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Radiation Physicst

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  • Thread starter Niles
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  • #1
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Hi all.

Today at school at I saw a poster on radiation physics. I have never thought about taking courses in this area of physics, but it seems very applied, so I am interested in knowing more about this.

Is it possible to get a job at e.g. a medical center/hospital doing research if you have only studied radiation physics, and not medical physics/biophysics in general? And if this wouldn't work out, do you know if there is being research done in this area anymore?

Thanks in advance.

Best regards,
Niles.
 
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Answers and Replies

  • #2
Choppy
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Radiation physics could include a lot of things.

In relation to medical physics radiation physics might include Monte Carlo transport algorithms, nano-scale track structure, accelerator design, detector design, instrumentation (for example a study of the performance of circuits/devices when subject to radiation - this has applications in medicine and space), medical applications of high LET radiation, etc.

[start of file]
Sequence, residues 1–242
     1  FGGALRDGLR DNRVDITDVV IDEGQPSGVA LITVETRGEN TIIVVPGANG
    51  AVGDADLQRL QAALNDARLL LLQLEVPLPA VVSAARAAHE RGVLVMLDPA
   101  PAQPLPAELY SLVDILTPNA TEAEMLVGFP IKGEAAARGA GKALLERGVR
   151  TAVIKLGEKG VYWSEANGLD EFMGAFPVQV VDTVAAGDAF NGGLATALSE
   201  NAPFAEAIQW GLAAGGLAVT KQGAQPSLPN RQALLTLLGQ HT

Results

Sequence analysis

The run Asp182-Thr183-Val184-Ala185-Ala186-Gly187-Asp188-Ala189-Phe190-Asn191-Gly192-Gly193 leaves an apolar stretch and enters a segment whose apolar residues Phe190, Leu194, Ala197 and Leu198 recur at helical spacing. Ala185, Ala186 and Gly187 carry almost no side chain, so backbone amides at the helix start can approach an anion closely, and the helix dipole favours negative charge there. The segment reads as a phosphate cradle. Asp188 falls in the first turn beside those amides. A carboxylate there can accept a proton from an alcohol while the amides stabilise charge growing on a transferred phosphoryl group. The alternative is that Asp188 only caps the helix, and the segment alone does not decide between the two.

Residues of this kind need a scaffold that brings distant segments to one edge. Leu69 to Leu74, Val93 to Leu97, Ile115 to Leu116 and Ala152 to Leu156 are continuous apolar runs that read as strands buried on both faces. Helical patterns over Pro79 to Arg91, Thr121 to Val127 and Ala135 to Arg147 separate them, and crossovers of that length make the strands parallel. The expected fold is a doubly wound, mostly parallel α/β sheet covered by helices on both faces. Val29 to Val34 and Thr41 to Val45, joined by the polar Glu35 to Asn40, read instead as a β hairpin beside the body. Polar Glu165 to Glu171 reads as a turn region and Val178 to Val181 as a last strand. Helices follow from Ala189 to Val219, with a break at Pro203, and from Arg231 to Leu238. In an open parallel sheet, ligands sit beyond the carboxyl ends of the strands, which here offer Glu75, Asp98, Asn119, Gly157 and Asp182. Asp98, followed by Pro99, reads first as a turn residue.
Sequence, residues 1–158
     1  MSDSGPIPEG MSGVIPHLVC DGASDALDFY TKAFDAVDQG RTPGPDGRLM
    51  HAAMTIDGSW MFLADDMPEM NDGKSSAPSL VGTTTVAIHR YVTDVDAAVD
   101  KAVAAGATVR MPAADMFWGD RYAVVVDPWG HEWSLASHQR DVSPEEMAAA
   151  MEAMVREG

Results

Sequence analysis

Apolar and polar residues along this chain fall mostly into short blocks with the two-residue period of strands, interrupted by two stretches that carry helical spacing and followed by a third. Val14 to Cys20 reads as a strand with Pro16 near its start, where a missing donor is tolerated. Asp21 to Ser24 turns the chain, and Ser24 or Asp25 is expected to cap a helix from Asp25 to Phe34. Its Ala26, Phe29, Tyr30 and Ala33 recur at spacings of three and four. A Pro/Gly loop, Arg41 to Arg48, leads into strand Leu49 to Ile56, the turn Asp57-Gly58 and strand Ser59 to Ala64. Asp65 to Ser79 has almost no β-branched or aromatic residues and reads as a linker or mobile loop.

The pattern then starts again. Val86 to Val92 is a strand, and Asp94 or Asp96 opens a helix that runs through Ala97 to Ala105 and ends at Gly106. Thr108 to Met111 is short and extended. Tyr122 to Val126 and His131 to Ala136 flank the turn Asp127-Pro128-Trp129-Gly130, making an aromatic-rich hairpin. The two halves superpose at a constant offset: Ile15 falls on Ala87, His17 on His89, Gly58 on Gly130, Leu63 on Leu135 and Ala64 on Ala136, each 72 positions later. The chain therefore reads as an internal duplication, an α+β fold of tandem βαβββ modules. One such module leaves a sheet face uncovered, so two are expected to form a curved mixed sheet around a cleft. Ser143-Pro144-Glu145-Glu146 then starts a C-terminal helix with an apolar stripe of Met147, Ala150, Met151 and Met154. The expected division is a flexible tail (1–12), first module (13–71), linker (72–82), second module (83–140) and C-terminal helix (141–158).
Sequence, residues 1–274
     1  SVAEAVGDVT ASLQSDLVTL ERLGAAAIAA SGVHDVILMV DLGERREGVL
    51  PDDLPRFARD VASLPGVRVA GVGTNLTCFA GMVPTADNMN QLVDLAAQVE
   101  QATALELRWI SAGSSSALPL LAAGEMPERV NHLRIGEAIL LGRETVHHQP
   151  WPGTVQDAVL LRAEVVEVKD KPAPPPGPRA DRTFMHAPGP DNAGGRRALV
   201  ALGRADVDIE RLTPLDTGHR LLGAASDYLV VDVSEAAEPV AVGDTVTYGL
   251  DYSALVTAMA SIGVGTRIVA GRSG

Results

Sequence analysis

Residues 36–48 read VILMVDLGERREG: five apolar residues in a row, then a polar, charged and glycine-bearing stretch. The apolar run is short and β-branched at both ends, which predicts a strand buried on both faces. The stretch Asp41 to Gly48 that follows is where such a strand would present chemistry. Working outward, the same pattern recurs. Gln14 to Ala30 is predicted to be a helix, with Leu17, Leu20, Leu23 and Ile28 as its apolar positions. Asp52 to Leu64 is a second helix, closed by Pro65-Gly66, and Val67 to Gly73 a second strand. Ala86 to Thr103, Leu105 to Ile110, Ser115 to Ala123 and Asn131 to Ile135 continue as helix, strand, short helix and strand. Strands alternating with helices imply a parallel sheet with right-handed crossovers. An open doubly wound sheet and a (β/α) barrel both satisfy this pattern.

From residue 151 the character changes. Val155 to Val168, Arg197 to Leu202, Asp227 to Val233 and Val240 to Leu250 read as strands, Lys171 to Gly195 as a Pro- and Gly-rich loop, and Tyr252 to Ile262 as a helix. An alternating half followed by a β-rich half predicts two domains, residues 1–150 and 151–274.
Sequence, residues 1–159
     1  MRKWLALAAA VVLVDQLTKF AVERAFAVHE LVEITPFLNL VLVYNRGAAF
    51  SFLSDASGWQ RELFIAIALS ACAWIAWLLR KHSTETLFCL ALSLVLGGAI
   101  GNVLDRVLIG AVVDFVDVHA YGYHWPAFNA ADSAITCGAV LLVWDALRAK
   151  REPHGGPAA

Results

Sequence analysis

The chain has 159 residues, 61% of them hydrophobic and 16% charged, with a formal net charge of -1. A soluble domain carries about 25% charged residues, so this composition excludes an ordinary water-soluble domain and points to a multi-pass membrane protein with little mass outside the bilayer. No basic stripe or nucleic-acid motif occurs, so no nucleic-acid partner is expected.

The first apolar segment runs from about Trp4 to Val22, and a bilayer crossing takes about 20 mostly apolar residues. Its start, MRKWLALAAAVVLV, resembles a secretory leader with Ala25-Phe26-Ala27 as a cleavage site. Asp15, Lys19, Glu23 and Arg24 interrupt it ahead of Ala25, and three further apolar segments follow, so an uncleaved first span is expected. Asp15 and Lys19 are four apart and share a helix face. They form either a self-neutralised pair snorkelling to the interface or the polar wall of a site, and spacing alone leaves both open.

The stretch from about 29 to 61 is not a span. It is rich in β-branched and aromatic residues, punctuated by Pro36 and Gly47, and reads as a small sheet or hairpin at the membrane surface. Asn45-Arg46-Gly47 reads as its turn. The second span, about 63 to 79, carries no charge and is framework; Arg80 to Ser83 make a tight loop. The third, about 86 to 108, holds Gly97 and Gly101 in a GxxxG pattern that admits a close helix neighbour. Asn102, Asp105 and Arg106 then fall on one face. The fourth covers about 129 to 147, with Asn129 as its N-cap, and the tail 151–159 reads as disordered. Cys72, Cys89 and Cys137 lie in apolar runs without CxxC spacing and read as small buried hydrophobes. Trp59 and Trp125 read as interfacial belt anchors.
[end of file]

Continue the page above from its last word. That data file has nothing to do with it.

In general, if you're interested in working in a hospital with physics, medical physics is the way to go.
 
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How would you rate the chances of a "pure" physicst with considerable experience in radiation to be able to work at a medical center/hospital doing the above mentioned things?

The reason why I am asking is because the biophysical courses at my college are mostly courses in chemistry and biochemistry, so I am not so sure how applied they are.
 
  • #4
Choppy
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As I said, if you're really interested in working in a hospital with radiation, medical physics is the way to go. The best path towards getting there is an undergraduate degree in physics ('pure' physics), followed by a graduate degree in medical physics.
Note that to get into a medical physics program, you don't generally need any courses other than those you would pursue in a regular undergraduate physics program (although exact requirements do vary from school to school).

You can get into the field with say a Ph.D. in another area of physics, but this avenue is shrinking rapidly - largely because you would be competing with graduates coming from certified medical physics programs. I can't give you exact odds on the matter because it's a supply and demand issue.

Biophysics tends more to do with the physics of interactions on the biochemical level. The biophysicists I know, spend a lot of time working out the kinetics of different drugs - work that ultimately can suggest more lucrative avenues of research for pharmeceuticals.
 

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